Council July 14 reviews Transit Connection Corridor Project, Main Street right-of-way acquistion

City Manager Scott Hugill, far left, on Thursday discusses quarterly goals with Mountlake Terrace City Councilmembers, clockwise from left, Bryan Wahl, Kyoko Matsumoto Wright, Doug McCardle, Steve Woodard and Erin Murray. Councilmembers Laura Sonmore and Rick Ryan were absent from the meeting.

The Mountlake Terrace City Council at its Thursday, July 14 work/study session reviewed a proposed contract with OTAK Engineering to complete design work on the Transit Connection Corridor Project, heard more about right-of-way acquistion for the Main Street Phase II project, and also talked about its quarterly goals.

The Transit Connection Corridor Project includes the Veterans Memorial Park trail system and the public plaza adjacent to the light rail station on 236th Street Southwest. Parks Project Manager Donnelle Dayao explained that the contract will complete two separate design efforts around the Mountlake Terrace Transit Center, in preparation for the arrival of light rail in 2024.

The intent, she said, is to provide “access to the transit center as well as a gathering place for commuters and residents.”

The first element of the project involves updates to the Veterans Memorial Park trail system, identified in the Veterans Memorial Park Master Plan approved by council in October 2021. The scope of the current project will focus on design of a dirt path and gravel trail system and installing lighted asphalt pathways throughout the park, while attempting to provide ADA accessibility where feasible.

“It also includes the addition of an asphalt pathway from the Civic Campus connecting to the transit center,” Dayao said.

In addition, initial work will cover a tree survey and assessment and a geotechnical investigation.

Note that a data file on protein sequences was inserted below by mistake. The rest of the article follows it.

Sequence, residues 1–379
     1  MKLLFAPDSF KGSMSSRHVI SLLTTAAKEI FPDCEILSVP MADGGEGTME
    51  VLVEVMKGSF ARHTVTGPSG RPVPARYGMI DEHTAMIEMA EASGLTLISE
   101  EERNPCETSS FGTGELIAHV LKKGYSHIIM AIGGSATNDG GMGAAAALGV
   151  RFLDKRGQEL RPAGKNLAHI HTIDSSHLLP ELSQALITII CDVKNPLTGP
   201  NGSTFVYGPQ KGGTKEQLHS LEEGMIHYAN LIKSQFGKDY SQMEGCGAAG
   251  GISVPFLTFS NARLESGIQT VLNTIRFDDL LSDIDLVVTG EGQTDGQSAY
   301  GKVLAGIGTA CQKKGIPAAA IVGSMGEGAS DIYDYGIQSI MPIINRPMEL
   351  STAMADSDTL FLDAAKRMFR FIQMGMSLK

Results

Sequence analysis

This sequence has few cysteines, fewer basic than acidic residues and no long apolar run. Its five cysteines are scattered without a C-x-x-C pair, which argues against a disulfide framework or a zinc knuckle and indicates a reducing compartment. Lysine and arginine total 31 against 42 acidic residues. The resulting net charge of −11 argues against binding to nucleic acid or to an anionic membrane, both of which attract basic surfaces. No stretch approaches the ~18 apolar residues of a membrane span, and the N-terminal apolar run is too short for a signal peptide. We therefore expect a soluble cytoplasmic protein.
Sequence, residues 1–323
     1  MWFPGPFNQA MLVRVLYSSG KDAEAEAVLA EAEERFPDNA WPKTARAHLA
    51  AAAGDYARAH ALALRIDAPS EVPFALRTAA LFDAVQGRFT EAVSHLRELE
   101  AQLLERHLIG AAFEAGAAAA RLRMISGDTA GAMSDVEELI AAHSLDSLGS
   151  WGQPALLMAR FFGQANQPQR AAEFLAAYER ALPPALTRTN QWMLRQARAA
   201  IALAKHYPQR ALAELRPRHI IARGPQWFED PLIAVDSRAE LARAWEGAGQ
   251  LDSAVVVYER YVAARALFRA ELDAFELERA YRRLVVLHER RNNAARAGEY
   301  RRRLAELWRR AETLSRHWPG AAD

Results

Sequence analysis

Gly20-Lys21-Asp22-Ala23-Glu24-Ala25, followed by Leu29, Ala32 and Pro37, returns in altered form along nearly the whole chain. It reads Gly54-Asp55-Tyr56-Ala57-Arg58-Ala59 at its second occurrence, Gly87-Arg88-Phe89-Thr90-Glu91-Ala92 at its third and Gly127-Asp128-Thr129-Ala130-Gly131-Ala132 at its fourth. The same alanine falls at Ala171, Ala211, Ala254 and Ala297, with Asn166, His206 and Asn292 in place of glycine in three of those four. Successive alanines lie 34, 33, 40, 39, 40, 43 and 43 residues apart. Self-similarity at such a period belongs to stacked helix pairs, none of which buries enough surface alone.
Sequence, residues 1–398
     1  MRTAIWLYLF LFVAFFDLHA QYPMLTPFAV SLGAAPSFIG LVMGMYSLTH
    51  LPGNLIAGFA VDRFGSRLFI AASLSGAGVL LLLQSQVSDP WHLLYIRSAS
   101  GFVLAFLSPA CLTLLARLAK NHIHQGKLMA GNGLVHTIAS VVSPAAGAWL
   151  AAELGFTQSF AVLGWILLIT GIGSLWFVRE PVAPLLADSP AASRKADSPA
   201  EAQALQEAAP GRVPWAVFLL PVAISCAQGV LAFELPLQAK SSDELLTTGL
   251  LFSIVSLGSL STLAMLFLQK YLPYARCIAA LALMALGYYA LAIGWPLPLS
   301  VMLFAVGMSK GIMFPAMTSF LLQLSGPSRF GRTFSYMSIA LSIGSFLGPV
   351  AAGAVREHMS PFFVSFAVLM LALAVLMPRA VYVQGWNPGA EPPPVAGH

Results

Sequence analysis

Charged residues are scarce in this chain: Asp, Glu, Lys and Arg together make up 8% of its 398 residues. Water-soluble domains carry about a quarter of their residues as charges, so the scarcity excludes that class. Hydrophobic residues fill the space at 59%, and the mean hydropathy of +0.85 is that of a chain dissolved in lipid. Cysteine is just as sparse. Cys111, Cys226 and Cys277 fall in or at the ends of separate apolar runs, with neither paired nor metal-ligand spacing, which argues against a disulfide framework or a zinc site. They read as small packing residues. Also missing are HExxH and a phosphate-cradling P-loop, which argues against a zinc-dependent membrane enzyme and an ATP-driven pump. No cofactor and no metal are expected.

The second element of the contract under council consideration is completion of design for Gateway Plaza, a 2,000-square-foot public plaza adjacent to the light rail station on 236th Street Southwest. The design was supported by Sound Transit Access Enhancement Funds, with final construction and future maintenance coordinated by the city.

Design is 90 percent finished, and was developed through several community meetings, Dayao said. It incorporates various hardscape seating elements, lighting and landscaping, and also will include art or a water feature.

Once the design is completed on these elements, the two will be combined into one contract for future construction.

Otak was the sole bidder on the Transit Connection Corridor Project, and the final contract amount is $525,889. Of that, $482,165 will be for the Veterans Memorial Park trail system and $43,724 dedicated to the plaza.

The design and future construction are being funded through numerous sources including the Sound Transit Access Enhancement Fund ($2 million), Puget Sound Regional Council-CMAQ ($577,581), Sound Transit System Access Fund ($500,000), and federal Community Project funding from the Highway Infrastructure Program ($2 million).

The Transit Connections Corridor Project contract is scheduled to appear on the council’s consent agenda for approval during its Monday, July 18 business meeting.